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17.5: Summary

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    We can define the flux of a uniform and constant vector field, \(\vec E\), through a flat surface, as: \[\begin{aligned} \Phi_E = \vec E \cdot \vec A = EA\cos\theta\end{aligned}\] where, \(\vec A\), is a vector that is perpendicular to the surface with a magnitude equal to the area of that surface, and, \(\theta\), is the angle between \(\vec A\) and \(\vec E\). The flux of a field through a surface is proportional to the number of field lines that cross that surface. If the surface is parallel to the field (\(\vec A\) and \(\vec E\) are thus perpendicular), the flux through that surface is zero (no field lines cross the surface, the scalar product is zero).

    If \(\vec E\) and \(\vec A\) change over the surface (\(\vec E\) and/or \(\vec A\) change magnitude and/or direction relative to each other along the surface), then we treat the surface as being made of infinitesimal surface elements over which the two vectors are constant. We define a vector \(d\vec A\) to be perpendicular to the surface element with an infinitesimal area, \(dA\). The total flux is then obtained by summing the fluxes through each surface element: \[\begin{aligned} \Phi_E=\int \vec E \cdot d\vec A=\int EdA\cos\theta\end{aligned}\] Note that the direction of the vector \(d\vec A\) (or \(\vec A\)) is ambiguous, as one can choose either of two directions perpendicular to a surface. Usually, one chooses the direction of \(\vec A\) so that the flux is positive (i.e. \(\vec A\) has a component parallel to \(\vec E\)). However, if the surface is “closed” (that is, it defines a volume), then we always choose the direction of \(d\vec A\) so that it points outwards from the surface (since the surface encloses a volume, one can define an “inside” and an “outside”).

    In the case of the electric field, Gauss’ Law relates the flux of the electric field from a closed surface to the amount of charge, \(Q^{enc}\), contained in the volume enclosed by that surface: \[\begin{aligned} \oint \vec E \cdot d\vec A = \frac{Q^{enc}}{\epsilon_0}\end{aligned}\] Physically, Gauss’ Law is a statement that field lines must begin or end on a charge (electric field lines originate on positive charges and terminate on negative charges). If there is a net number of lines coming out of a closed surface (a positive flux), that surface must enclose a positive charge from where those field lines originate. Similarly, if there are the same number of field lines entering a closed surface as there are lines exiting that surface (a flux of zero), then the surface encloses no charge. Gauss’ Law states that the number of field lines exiting a closed surface is proportional to the amount of charge enclosed by that surface.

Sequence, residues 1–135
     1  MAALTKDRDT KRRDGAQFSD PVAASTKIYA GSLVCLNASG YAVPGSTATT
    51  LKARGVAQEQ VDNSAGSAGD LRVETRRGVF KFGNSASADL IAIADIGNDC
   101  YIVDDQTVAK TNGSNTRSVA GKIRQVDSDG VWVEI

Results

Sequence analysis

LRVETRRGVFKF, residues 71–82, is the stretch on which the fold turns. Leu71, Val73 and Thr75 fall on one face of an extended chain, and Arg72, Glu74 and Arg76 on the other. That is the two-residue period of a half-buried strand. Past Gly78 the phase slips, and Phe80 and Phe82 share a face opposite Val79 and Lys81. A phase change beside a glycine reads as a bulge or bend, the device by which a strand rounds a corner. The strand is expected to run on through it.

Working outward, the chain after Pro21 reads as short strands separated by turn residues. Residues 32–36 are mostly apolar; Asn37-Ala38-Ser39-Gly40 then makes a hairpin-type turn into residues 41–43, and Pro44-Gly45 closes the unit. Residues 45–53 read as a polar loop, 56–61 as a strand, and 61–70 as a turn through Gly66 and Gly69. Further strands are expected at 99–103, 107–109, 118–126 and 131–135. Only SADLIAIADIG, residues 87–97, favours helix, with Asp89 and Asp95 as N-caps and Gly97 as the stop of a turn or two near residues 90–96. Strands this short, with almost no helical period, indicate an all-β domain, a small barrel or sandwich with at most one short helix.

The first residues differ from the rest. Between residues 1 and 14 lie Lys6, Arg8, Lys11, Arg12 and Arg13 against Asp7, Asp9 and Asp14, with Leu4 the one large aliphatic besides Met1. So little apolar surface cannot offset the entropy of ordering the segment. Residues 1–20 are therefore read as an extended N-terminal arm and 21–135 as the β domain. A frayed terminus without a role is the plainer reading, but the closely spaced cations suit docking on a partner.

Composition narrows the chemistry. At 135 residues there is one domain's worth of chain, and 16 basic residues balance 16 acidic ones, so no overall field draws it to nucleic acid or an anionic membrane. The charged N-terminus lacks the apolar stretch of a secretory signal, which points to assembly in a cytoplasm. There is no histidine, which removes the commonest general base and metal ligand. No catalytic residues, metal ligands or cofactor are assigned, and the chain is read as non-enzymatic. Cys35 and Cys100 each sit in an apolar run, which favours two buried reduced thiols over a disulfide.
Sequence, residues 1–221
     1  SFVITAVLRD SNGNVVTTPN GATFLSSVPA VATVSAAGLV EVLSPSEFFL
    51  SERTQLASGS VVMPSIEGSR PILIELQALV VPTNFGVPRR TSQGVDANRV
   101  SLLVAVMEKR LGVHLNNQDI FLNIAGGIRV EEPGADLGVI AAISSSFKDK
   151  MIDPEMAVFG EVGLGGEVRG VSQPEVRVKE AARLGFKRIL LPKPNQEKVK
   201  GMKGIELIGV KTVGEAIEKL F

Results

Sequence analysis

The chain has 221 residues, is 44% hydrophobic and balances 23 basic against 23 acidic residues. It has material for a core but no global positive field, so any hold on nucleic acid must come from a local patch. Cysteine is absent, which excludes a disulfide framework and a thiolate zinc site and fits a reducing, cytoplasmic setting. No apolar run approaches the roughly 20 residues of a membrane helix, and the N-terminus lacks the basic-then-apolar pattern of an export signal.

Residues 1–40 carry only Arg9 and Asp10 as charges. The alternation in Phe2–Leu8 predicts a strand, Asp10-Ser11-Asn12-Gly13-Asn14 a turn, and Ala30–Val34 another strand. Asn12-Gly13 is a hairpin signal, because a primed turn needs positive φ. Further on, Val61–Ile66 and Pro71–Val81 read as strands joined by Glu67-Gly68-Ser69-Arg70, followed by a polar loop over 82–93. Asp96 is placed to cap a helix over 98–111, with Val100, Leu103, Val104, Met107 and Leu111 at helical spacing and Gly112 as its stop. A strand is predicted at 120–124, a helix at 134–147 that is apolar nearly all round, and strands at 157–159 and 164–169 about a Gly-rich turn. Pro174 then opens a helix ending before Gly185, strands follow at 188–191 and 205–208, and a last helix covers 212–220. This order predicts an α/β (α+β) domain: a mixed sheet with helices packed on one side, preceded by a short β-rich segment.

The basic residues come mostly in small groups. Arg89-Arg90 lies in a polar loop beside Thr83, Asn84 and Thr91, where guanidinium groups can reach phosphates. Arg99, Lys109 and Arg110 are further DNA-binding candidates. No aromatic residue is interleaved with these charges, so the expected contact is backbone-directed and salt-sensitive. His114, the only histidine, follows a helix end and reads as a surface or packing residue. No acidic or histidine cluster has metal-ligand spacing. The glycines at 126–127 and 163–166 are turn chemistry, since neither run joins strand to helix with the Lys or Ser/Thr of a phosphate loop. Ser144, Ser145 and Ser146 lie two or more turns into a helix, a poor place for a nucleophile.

Gauss’ Law is useful to determine the electric field. However, this can only be done analytically for charge distributions with a very high degree of symmetry. This is because the flux integral is not usually easy to evaluate unless:

    1. The electric field makes a constant angle with the surface. When this is the case, the scalar product can be written in terms of the cosine of the angle between \(\vec E\) and \(d\vec A\), which can be taken out of the integral if it is constant: \[\begin{aligned} \oint \vec E\cdot d\vec A=\oint E\cos\theta dA=\cos\theta\oint EdA\end{aligned}\]
    2. The electric field is constant in magnitude along the surface. When this is the case, the integral can be simplified further by factor out \(E\), and simply becomes an integral over \(dA\) (which corresponds to the total area of the surface, \(A\)): \[\begin{aligned} \oint \vec E\cdot d\vec A=\cos\theta\oint EdA =E\cos\theta\oint dA=EA\cos\theta \end{aligned}\]

    Note that Gauss’ Law does not specify a closed surface over which to calculate the flux; it holds for any surface. We can thus choose a surface that will make the flux integral easy to evaluate - we call this choice a “gaussian surface” (not because it has some special property, but because we chose that surface to apply Gauss’ Law). A procedure for applying Gauss’ Law to determine the electric field at some point in space can be written as:

    1. Make a diagram showing the charge distribution.
    2. Use symmetry arguments to determine in which way the electric field vector points.
    3. Choose a gaussian surface that goes through the point for which you want to know the electric field. Ideally, the surface is such that the electric field is constant in magnitude and always makes the same angle with the surface, so that the flux integral is straightforward to evaluate.
    4. Calculate the flux, \(\oint \vec E\cdot d\vec A\).
    5. Calculate the amount of charge in the volume enclosed by the surface, \(Q^{enc}\).
    6. Apply Gauss’ Law, \(\oint \vec E\cdot d\vec A=\frac{Q^{enc}}{\epsilon_0}\).

    We showed how Gauss’ Law can be used to understand and quantify how charges arrange themselves on a conductor, in such a way that the electric field is zero everywhere in the conductor. Finally, we briefly introduced a more modern version of Gauss’ Law that uses divergence instead of flux: \[\begin{aligned} \nabla \cdot \vec E &= \frac{\rho}{\epsilon_0}\end{aligned}\] This last version has the advantage that it relates a local property of the field (divergence) to a local property of charge (charge density at some position in space).

    Important Equations

    Gauss' Law:

    \[\begin{aligned} \Phi & = \frac{Q_{enc}}{\epsilon_0}\\ \Phi &= \int \vec E \cdot d \vec A\end{aligned}\]

    Important Definitions


    Electric flux: A measure of the number of electric field lines crossing a surface. SI units: \([\text{Vm}]\). Common variable(s): \(\Phi_E\).

    This page titled 17.5: Summary is shared under a CC BY-SA license and was authored, remixed, and/or curated by Howard Martin revised by Alan Ng.

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